As with any new space, there are some shifting sands underneath what is considered most effective in reaching customers. Nonetheless, there are certain overall goals and terms that now permeate the ecosystem of data-driven, agile, and real-time marketing.

1. Journey is in. We are no longer looking at the customer life cycle or even at a campaign calendar; we are looking at a customer journey and subjourney.

2. Individual company responses on social media to major events or news stories are not real-time marketing. That thinking is analogous to Google being a guy who answers emails. It lacks scale. It is not systematic, and it's not sustainable.

3. Measuring real-time marketing requires the ability to parse through huge amounts of data quickly at all stages of the marketing process. Think on-the-fly report generation.

eMarketer, in its definitive 2014 report, "Measuring the Effectiveness of Real-Time Marketing," asserts that a "steady stream of information from sources such as social media monitoring, web analytics and location analytics is a game changer." Companies such as Taykey and Provenir, despite being applied differently, bring game changing capabilities to marketers. So the choice really turns over what a brand believes it needs more of: individualized, in-the-moment customer management or highly targeted, nimble advertising placement-or both.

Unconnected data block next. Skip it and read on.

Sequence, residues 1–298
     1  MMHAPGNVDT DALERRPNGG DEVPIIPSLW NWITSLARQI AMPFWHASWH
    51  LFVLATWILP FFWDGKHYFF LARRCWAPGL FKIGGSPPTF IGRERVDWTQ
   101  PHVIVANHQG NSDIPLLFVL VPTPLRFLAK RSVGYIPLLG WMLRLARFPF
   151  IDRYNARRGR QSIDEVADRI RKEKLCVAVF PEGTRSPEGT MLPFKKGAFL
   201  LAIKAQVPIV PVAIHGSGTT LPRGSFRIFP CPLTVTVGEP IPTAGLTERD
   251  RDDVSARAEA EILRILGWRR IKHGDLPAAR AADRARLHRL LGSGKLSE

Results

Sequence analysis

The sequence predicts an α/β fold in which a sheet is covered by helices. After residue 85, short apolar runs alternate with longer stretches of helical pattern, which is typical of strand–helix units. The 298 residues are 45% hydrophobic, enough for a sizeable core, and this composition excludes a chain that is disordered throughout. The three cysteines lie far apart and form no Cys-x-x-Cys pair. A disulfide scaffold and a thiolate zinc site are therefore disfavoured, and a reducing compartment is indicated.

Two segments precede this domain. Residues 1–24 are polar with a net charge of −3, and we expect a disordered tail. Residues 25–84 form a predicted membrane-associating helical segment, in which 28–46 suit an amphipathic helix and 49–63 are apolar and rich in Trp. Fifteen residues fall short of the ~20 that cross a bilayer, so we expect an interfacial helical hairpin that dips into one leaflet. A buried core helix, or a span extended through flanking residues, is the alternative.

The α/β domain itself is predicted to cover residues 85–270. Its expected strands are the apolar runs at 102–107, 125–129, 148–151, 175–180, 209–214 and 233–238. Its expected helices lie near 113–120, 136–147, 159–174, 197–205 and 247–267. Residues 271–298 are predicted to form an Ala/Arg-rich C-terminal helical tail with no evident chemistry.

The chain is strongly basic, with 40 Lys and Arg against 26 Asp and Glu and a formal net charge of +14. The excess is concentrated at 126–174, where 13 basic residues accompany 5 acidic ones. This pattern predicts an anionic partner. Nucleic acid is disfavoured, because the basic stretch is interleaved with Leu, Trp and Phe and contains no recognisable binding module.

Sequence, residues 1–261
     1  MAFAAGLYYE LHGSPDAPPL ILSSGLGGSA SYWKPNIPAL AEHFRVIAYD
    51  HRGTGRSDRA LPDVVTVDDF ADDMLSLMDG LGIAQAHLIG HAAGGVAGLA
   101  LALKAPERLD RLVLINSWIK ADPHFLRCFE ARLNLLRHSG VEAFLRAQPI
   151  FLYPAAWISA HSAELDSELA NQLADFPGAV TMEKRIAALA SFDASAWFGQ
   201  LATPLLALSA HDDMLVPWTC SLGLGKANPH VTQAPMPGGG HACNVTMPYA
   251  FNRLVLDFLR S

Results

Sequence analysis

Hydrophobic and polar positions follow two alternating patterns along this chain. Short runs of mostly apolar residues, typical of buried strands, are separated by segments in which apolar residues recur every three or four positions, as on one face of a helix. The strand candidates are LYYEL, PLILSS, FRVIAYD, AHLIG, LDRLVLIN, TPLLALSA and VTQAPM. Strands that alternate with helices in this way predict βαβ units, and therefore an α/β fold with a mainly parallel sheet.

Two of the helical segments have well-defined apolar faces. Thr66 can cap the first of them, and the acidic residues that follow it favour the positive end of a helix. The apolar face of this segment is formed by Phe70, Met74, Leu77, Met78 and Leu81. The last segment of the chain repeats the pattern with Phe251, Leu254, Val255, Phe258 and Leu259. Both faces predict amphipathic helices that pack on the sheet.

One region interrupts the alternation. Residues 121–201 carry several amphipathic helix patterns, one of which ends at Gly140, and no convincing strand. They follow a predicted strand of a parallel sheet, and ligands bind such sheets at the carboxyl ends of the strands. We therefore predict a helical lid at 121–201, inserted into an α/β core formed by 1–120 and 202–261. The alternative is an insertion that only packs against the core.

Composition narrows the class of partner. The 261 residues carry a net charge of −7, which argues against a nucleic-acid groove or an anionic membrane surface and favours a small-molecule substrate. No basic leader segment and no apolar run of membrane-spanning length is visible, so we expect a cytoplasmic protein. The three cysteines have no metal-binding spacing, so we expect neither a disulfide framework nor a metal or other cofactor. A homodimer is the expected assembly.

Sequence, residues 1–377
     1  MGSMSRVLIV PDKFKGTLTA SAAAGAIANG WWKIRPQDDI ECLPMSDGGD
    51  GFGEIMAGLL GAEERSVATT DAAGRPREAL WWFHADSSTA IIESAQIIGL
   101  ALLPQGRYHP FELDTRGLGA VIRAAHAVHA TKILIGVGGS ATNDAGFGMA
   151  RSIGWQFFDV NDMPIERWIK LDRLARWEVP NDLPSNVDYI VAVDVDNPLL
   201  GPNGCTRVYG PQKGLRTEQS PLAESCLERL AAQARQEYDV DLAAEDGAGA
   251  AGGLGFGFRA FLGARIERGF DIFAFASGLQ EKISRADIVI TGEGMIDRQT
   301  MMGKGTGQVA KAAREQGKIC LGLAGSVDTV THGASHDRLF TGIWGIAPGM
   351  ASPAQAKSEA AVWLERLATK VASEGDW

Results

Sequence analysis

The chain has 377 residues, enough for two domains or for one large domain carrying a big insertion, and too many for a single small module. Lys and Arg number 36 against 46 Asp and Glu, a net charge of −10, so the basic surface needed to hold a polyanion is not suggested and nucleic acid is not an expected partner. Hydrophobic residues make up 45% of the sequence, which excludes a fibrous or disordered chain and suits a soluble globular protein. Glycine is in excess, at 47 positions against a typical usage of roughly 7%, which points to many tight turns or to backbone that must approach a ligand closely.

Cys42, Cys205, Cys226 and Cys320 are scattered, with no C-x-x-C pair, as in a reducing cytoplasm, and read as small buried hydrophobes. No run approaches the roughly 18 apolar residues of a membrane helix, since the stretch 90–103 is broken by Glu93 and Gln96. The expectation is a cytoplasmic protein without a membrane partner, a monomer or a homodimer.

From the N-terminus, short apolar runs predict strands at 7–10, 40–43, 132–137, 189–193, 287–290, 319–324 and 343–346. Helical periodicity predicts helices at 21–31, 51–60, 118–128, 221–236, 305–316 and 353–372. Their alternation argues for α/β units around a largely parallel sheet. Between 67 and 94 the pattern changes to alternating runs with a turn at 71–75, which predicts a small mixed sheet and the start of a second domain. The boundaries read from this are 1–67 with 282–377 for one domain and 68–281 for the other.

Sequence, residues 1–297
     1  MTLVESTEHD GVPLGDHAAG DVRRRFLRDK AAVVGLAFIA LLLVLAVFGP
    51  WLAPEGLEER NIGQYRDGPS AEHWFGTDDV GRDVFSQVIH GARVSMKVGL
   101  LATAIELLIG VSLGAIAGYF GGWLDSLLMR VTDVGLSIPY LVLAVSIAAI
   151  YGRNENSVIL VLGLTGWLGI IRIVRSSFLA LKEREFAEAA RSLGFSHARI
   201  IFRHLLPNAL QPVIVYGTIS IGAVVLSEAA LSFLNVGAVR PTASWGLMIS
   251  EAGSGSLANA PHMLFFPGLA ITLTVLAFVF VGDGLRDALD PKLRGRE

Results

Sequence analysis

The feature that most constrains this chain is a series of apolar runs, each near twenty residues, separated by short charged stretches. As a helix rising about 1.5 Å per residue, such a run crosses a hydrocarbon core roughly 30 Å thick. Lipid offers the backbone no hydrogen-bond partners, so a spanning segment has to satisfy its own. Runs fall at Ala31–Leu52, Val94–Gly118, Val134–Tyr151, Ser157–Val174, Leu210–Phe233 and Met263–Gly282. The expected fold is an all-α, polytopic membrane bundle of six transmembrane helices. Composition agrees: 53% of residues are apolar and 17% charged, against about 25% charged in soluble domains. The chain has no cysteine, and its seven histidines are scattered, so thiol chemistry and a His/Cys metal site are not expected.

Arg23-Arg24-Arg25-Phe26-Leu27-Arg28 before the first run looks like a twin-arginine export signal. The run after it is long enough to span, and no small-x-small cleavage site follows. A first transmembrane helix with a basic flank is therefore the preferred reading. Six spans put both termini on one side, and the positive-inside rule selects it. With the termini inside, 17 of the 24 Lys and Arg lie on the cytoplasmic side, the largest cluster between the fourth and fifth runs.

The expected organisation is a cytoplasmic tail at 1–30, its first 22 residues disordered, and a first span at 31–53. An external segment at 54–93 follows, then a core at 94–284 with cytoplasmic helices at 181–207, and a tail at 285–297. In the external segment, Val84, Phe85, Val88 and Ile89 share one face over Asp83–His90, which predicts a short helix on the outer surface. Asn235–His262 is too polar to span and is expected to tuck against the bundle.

What is clear is that today's consumer is a moving target, jumping nimbly from device to device, never stopping too long at any one place. This is the ultimate convenience generation, needing to be met on its terms and turf. And yet, in an October 2013 joint survey by AMA (Association of National Advertisers) and Nielsen, 71% of advertisers surveyed noted that they were not managing multiscreen campaigns.

Back to my original scenario: you, the consumer, are up for spending the extra $10 to get the reward. However, instead of revisiting the store, you decide to get a latte and see if you can find something online from the same vendor. You open up the mobile app on your iPad. After a futile search, you decide to call the customer service line from your phone, which is usually an exercise that entails a degree of explaining.

In this scenario, according to Nicholson of Provenir, the customer service representative knows all about you, knows that you just made a purchase in the store, and knows that you were just browsing in the app. The store doesn't have the scarf in aqua anymore, but she offers you the extra $10 credit just for trying (she can see how loyal a customer you are), and your $100 certificate is on the way.

Now ask yourself this: If the customer service agent on the phone doesn't know that you have just spent more than 10 minutes on the app and just made a purchase in the store, isn't that a little bit annoying? So to answer the question, "Is real-time the wave of the future?" Does the customer want you to know them, meet them, and greet them where they are? Therein lies the answer.